“It felt like the atmosphere changed,” he said.
People started running away and Tran could tell they were starting to panic. He stopped filming and tried to calm people down, advising them to stop running and assuring them they would be OK. Then someone yelled, “They’re gassing us!”
During the bedlam he put his phone in his pocket.
The audio he captured are the sounds of a war zone: Rubber bullets pound the asphalt, people scream for help and you can hear protesters coughing and gasping for breath. Tran saw people were struggling to get over the hill that was the only way to escape the tear gas, and stayed behind to help.
He started to cough, choke and panic.
“The group wasn’t moving,” he said. “I had to get up and over the fence [off the highway] to help other people over.”
As soon as he managed to get over the fence, the effects of the tear gas overtook him. “I was coughing uncontrollably and couldn’t see anything.”
Then Tran started to vomit. He heard someone in the distance ask, “Do you need milk?” That voice sounded like it came from a “guardian angel,” he said. “That voice helped more than the milk, honestly.”
As soon as he could see again he rushed back to the fence where people were screaming for help, still struggling to get over it. He put his hands between the rails and yelled, “Give me your feet!” That was only about five minutes before police started grabbing people off the fence and gassing them.
Then Tran felt there was nothing more he could do. It seemed a long walk back to his car.
“I thought that police were there to protect people, to keep protesters safe.” he said. “I saw firsthand that’s not true. We were peacefully protesting. They did not want us to get to safety. They wanted chaos and confusion and to arrest us, ultimately.”
‘Sorry for your loss’
Once the tear gas started I joined the crowd running for safety. Some tried to run past the fence we climbed over to avoid getting trapped. Those who did were met by police with batons and even more tear gas.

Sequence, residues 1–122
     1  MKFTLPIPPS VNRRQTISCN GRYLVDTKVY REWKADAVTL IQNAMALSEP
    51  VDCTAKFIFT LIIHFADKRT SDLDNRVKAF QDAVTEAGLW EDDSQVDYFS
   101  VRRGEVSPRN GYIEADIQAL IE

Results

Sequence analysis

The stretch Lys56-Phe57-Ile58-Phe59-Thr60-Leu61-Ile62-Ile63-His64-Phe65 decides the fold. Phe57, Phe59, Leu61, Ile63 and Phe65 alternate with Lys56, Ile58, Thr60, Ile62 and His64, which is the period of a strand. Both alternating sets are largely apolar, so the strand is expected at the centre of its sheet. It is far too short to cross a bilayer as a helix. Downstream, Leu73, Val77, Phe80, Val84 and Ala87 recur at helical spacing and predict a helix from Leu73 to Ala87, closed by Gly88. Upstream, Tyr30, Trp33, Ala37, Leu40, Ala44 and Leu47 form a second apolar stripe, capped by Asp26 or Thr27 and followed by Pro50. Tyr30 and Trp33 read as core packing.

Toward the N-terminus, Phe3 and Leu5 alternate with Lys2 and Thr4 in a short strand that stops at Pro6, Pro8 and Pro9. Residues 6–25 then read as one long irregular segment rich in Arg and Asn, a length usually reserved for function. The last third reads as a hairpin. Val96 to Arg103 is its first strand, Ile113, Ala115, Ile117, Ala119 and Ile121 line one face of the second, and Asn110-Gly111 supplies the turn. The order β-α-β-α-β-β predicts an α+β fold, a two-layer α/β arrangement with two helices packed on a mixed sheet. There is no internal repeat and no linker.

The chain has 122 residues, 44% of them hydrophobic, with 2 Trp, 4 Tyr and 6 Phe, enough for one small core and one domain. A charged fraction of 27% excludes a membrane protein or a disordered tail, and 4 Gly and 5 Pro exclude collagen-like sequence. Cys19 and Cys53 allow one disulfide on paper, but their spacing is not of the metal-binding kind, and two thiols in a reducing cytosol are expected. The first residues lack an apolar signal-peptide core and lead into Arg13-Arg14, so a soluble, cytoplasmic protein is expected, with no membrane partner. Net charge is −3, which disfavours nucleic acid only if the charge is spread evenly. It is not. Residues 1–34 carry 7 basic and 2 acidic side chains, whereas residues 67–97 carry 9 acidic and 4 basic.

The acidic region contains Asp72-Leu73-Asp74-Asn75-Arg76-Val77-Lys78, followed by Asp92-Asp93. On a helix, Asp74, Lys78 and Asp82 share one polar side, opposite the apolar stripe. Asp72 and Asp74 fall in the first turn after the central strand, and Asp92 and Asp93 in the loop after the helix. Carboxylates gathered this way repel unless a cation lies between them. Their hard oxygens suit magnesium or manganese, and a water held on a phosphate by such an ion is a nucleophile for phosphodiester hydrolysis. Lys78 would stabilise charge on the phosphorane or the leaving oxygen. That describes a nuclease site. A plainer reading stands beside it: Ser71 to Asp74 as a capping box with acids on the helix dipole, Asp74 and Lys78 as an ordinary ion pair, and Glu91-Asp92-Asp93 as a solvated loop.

By the time I made it up the hill there were a few people in front of me, struggling to get over the fence. Police released more gas into the air. The sound of rubber bullets hitting the ground punctuated the chaos. The bandana I was wearing to protect myself and others from COVID-19 burned my face and I tore it off hoping it would offer relief.
It didn’t. Tears ran down my face and mucus poured out of my nose. Going against all the public health warnings of the last few months, I couldn’t help but spit out the chemicals I was breathing in.
People pleaded for the gas to stop. “Why are they doing this?” someone screamed. I tried to encourage the person in front of me to help a petite woman who was having a hard time getting up and over the fence. She stood in shock.
I finally made it over thanks to a young black man in dreads on the other side of the fence who pulled me down and pushed me in the direction of a street medic who grabbed my shoulders. He told me to open my eyes and sprayed a solution into them. I took maybe three steps before another street medic stopped me, poured solution in my eyes and told me to get as far away as possible. Even more street medics approached me and others asking if we needed anything. Others handed out granola bars and bottles of water.
I walked past another young black man with puffy red eyes, his face covered in milk. He offered me some of his milk to help with the burning but I assured him I was OK. Two young black women held each other on the sidewalk, in tears. I asked them if they were OK.
They said, “It burns, it burns. Why did they do this?”
I dropped to the grass. I was on fire from a mix of pepper spray and tear gas. I watched as National Guard tanks drove toward the scene.
I had to walk back to the police headquarters to get back to my bike and home before curfew or risk getting arrested. I passed a line of Philadelphia police officers in the street and couldn’t help but burst into tears.
“I’m sorry for your loss,” they said sarcastically. “Hope you feel better.”
Photographer Kara Khan is the sister of Daryl Khan, the New York bureau chief, who participated in the editing of this report.